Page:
We have all heard the old expression “If you want to keep something alive, teach it to your children.”

Well, the sport of bass fishing is no different. If all of us who love the sport want to keep it alive for future generations then we must do our part in inspiring young people to fish and keep the sport alive.

I have two grandsons, whom I love very much, that are both now grown. When they were younger we used to go fishing together every time we had them for any length of time.

I don’t think there was anything more inspiring than watching their faces when they finally hooked up with a good fish. But it seems the older they got, the less we went, and the less they wanted to go.

Why? Because there was always something else that got in the way of our going. And now they are both grown adults, have jobs, girlfriends and careers, so now it’s almost impossible for us to get the time together to go out with each other.

I miss the times we went out immensely. I always ask myself, “where did I go wrong? What should I have done to make it more exciting and enjoyable for them? What should I have done to instill those memories that would have inspired them to continue fishing, even if Granddaddy couldn’t take them fishing and they went out on their own?”

I can tell you now that if you love the sport of bass fishing and you have a son, daughter or grandson, get them excited about it and take them fishing as often as you and they have the time to go. That is the only way that we are going to be able to keep our sport alive and well in the future.

I am excited to see how much the collegiate bass fishing teams have grown over the past few years.

Almost every major college now has a team and they compete regionally and nationally. These young men are the ones you and I are going to see on the pro circuits of the future. With BASS and Forest Wood getting more and more involved at this level, we can be sure that it will grow rapidly into something that every college wants to have — a proficient bass fishing team.

I can just imagine how quickly I would have tried out for the fishing team had they been around during my college days. This level is also a great stepping stone for these young men to vault into either the FLW or the Elite series after they graduate from college.

I am also inspired by how many high schools are now establishing fishing teams.

Louisiana is probably at the forefront of this program where almost every high school has a fishing team.

Yes, there are some here in Texas, but nowhere near the density that Louisiana has.

One of my Bass Club members is a boat captain for one of the local school teams and he loves it. It’s time consuming and demanding, but it is another way to insure that the sport of bass fishing stays alive and well in this great nation of ours.

Our club, Copperas Cove Bass Club, works with the city Parks and Recreation Department to sponsor a once-a-year event called “Fishing in the Park.” Cove has a small lake at its central park and we help put on the event for the kids and their families.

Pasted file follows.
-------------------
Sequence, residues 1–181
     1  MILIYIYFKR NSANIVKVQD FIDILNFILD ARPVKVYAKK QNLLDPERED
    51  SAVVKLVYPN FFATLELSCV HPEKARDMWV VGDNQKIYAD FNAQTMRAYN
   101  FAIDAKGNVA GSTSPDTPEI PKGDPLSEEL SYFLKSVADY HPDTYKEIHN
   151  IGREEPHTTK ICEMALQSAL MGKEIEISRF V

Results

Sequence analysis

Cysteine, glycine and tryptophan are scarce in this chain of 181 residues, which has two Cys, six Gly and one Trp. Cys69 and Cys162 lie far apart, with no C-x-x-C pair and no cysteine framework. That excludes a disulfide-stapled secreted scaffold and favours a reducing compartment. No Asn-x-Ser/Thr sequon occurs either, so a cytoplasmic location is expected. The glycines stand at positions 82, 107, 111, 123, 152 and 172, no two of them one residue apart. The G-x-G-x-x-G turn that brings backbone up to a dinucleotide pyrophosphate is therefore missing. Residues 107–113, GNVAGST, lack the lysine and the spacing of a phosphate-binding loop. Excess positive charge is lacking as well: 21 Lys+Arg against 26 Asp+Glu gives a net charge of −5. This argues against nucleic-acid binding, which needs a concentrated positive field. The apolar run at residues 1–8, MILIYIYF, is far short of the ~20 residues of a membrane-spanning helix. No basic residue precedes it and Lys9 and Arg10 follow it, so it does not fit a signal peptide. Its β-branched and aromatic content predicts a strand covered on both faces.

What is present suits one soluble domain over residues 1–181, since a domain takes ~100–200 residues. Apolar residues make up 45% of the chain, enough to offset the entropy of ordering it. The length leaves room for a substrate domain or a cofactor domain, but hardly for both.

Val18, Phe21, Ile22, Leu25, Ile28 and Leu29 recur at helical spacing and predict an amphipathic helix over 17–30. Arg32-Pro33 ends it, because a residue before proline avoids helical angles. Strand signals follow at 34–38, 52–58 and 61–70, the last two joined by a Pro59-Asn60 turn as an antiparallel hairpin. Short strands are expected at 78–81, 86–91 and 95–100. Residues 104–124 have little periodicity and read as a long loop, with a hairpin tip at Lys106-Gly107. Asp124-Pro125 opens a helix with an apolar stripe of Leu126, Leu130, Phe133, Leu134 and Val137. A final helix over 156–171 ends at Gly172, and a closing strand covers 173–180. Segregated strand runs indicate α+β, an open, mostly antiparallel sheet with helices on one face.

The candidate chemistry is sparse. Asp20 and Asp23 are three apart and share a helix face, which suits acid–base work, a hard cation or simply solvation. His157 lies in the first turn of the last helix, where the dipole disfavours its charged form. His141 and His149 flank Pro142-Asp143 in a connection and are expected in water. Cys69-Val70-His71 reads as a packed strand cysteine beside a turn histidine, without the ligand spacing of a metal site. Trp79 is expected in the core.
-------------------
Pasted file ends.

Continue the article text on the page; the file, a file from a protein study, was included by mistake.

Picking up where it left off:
There is nothing more inspiring, and fun, than watching a 3-, 4- or 5-year-old catch their first fish on their own rod and reel.

The city stocks the lake with trout just before the event, and we help the kids learn how to put their rods together, how to cast and how to set the hook when the fish bites.

Prizes are awarded to the kids who catch their limit of fish, and the biggest fish. We also put on a casting contest and seminars to help the kids learn about sport fishing and the rules and laws we have to go by. Its great fun. My wife said I couldn’t stop talking about it for a week.

So next year, when you hear Cove is having there “Fishing in the Park,” pack a picnic lunch, go to Wal-Mart, buy an inexpensive rod and reel, some bobbers and small hooks, and come on out and enjoy the fun. My hat is off to any city that inspires young people to get out there and enjoy nature and the sport of fishing.

If you love to fish, have your own boat, and you want to inspire more young people to get on the water and learn the art of bass fishing, go see your local high school principal and discuss the possibility of starting a high school fishing team as one of the school’s extracurricular activities.

Before you go, make sure you are prepared to make the time commitment it will require, because once you get it started the kids will want to go every weekend if you will take them. Actions like this will ensure that the sport of bass fishing will be around long after you and I are gone.

So when you take yours or theirs to the water and they catch a big ’un be sure to send me the pics to Hook_up66@yahoo.com and I will include them in my next article.

Have a great time on the water.

Jasper Johnson is retired from the U.S. Army and is the Copperas Cove Bass Club secretary. To contact him about the club or for any questions, call 318-218-0358 or email Hook_up@yahoo.com.

(0) comments

Welcome to the discussion.

Keep it Clean. Please avoid obscene, vulgar, lewd, racist or sexually-oriented language.
PLEASE TURN OFF YOUR CAPS LOCK.
Don't Threaten. Threats of harming another person will not be tolerated.
Be Truthful. Don't knowingly lie about anyone or anything.
Be Nice. No racism, sexism or any sort of -ism that is degrading to another person.
Be Proactive. Use the 'Report' link on each comment to let us know of abusive posts.
Share with Us. We'd love to hear eyewitness accounts, the history behind an article.